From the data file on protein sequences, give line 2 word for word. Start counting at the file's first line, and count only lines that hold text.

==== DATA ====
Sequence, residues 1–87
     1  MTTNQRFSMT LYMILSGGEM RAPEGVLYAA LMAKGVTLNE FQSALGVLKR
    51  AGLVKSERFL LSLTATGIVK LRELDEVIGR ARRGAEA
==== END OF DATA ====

     1  MTTNQRFSMT LYMILSGGEM RAPEGVLYAA LMAKGVTLNE FQSALGVLKR